Historically, food was fuel. In our hunter-gatherer days, we ate to survive….and that was the end of the story. Eating was primal; eating was functional. There was no debate about whether to go for the 85% lean deer, the 70% lean steer or the 30% lean grub. You ate what was available when it was available.
In modern times, variety and availability are no longer constraints for most people. In fact, in many places, we are in a state of overabundance of food. In this environment, food is no longer just a source of fuel. Food has taken on a different role.
In this new context, there are many different reasons why we reach for food. The desire to eat is stimulated by:
1. Biological triggers
You are thirsty, your stomach is rumbling, you start to feel light-headed. These are all signs that your body needs more fuel to keep going. Your blood sugar (the body’s preferred fuel source) has dropped and your body does not have enough to continue operating at full capacity.
Sometimes, we have cravings for specific foods. In those cases, cravings may actually highlight an underlying nutrient deficiency. Cravings for chocolate, for example, may signal an underlying need for magnesium; a desire for bananas, avocados or coconut water might indicate a need for more potassium; longing for red meat may indicate a need for more iron.
Sometimes, our cravings are driven by our microbiome. We have a variety of organisms in our gut, including bacteria and yeast. When our gut is in balance, everyone co-exists and lives happily ever after. However, when our gut is out of balance, certain bacteria or yeast (like candida albicans) overgrow and cause all sorts of ruckus. Sugar cravings, in particular, can be caused by an overgrowth of candida or small intestinal bacteria (SIBO). Specific testing can tell you whether either of these imbalances are at play for you.
2. Environmental triggers
You see it or smell it. Despite our best efforts, many of our triggers to eat begin this way. We are innocently working at our desk and then our neighbor brings in some homemade cupcakes for everyone to try. We are walking down the street when the overwhelming scent of freshly baked bread crosses our path. We are all content and full after finishing a lovely dinner...and then our eating companion orders dessert for the table.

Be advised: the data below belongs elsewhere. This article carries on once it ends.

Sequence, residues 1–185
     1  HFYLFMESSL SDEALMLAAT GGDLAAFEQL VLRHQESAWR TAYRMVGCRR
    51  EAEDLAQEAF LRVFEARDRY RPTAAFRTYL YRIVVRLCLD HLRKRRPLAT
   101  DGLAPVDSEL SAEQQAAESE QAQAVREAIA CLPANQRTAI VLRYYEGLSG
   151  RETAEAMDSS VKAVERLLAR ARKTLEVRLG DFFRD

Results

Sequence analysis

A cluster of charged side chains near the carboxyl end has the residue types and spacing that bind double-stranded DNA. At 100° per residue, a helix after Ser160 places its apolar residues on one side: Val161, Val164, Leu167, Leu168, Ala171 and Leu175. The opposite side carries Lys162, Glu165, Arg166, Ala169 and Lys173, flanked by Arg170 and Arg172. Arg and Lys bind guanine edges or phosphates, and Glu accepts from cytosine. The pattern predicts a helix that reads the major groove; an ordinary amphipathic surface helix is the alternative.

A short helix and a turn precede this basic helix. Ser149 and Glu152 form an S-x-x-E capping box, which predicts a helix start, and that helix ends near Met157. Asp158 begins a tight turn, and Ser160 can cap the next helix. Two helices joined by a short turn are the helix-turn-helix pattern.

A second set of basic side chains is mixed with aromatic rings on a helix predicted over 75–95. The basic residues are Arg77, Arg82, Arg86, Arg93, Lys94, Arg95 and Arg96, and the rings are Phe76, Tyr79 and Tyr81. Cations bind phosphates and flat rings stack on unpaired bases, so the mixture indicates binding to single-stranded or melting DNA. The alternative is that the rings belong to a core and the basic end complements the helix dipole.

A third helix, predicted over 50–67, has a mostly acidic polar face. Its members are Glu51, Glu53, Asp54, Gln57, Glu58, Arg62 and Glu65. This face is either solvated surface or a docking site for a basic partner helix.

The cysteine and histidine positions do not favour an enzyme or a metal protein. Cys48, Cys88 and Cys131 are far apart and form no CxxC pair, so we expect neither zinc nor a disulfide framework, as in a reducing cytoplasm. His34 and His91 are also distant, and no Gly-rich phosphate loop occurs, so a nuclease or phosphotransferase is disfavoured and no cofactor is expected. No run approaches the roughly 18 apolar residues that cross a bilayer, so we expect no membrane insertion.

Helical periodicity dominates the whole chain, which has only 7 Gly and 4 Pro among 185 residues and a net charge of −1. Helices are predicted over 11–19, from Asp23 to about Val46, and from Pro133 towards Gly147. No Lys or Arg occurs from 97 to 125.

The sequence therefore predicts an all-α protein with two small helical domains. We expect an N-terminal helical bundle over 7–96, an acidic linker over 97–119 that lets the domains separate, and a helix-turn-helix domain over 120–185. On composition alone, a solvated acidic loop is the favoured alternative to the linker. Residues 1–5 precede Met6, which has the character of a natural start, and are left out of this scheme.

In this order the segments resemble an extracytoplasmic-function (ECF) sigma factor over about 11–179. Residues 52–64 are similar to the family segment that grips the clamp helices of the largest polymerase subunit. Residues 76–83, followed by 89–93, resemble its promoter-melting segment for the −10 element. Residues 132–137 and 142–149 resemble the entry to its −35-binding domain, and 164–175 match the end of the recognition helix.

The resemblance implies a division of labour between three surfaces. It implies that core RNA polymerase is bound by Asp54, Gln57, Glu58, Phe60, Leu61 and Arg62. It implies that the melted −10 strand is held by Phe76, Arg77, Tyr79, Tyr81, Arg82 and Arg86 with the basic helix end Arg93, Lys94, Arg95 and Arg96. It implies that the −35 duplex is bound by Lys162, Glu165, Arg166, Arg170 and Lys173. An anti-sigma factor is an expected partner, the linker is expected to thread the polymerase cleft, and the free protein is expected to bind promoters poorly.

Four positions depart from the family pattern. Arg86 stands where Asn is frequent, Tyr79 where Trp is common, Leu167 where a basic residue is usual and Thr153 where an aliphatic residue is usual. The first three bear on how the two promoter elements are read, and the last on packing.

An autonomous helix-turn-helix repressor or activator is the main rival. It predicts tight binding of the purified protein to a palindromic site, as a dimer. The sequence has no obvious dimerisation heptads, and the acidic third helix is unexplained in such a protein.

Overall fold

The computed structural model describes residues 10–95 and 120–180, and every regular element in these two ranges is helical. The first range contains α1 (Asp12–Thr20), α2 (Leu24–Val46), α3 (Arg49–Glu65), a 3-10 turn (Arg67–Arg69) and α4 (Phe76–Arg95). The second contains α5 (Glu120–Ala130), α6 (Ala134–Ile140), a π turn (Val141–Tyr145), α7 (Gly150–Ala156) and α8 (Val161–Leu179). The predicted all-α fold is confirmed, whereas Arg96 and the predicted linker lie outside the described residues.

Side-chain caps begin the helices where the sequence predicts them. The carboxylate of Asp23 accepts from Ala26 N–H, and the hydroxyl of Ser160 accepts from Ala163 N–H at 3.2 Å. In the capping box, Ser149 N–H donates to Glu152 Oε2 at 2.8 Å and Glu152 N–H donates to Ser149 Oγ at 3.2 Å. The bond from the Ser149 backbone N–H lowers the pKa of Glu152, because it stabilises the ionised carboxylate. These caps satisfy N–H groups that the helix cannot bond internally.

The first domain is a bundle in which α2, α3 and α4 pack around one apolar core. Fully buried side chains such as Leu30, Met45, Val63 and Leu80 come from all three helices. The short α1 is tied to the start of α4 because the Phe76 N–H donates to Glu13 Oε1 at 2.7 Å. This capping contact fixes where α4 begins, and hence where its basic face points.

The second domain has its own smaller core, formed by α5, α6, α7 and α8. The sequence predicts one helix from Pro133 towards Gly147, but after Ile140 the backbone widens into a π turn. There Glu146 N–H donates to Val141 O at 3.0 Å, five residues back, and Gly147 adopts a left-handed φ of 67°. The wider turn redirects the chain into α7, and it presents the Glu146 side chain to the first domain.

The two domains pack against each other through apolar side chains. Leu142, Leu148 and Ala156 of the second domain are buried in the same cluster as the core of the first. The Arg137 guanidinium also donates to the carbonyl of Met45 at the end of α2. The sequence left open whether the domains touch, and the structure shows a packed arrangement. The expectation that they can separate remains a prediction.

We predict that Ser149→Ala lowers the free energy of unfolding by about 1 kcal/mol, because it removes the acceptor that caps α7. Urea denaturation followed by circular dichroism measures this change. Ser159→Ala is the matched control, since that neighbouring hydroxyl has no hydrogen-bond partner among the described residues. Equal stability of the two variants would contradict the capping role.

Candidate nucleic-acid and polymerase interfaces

3. Emotional triggers
This is a biggie. You eat for comfort, boredom or distraction. You eat when you are sad, angry, frustrated, overwhelmed and anything in between. You eat to celebrate; you eat to commiserate. Emotional eating is a thing; we are emotional beings and therefore, we are all emotional eaters, to some extent or another. The question is whether emotional eating comprises 20% of your eating occasions or 80%.
4. Social triggers
You are in a social setting and social pressure dictates that you fit in with your surroundings. Maybe everyone is drinking, so you drink too. Maybe everyone is ordering appetizers, so you order one too. Maybe everyone is going back for seconds at the buffet, so you do too.
Of all of the reasons above, biological triggers are the only ones that are driven by true physiological hunger. All of the other reasons are prompted by non-physical “hunger” cues; we are hungry for something, but it’s certainly not food.
Filling v. Filler Foods
When you are eating based on your physical hunger, you are most likely to choose foods that will satisfy that physical hunger. You are likely to reach for something nourishing and sustaining. A Hershey’s kiss or a sugar cookie are unlikely to do the trick. Real, “filling” foods will appeal to you. You are also likely to stop once you no longer feel hungry.
However, if you are reaching for food when you are not hungry, anything goes. You are more likely to reach for foods that feed your soul than feed your body. That could be a chocolate croissant, a root beer float or a grilled cheese sandwich. “Filling” foods take a back seat to “filler” foods. Since you start eating when you aren’t hungry, there isn’t a clear “stopping” point.
I’m making a distinction between “filling” and “filler” foods. Filling foods are whole, real, usually unprocessed and macronutrient-balanced. Fillings foods are nutrient dense and satiating. Filler foods, on the other hand, are highly palatable but nutritionally devoid. Filler foods are calorie dense and rarely satisfying; you always want more.
In most cases, when we eat for biological hunger, we reach for filling foods. We start when we are hungry and stop when we are full. When we eat for non-biological hunger, we reach for filler foods. We are not hungry when we are start and are likely to overeat.
Tune into your reasons for eating. What percentage of the time are you eating for reasons other than biological hunger?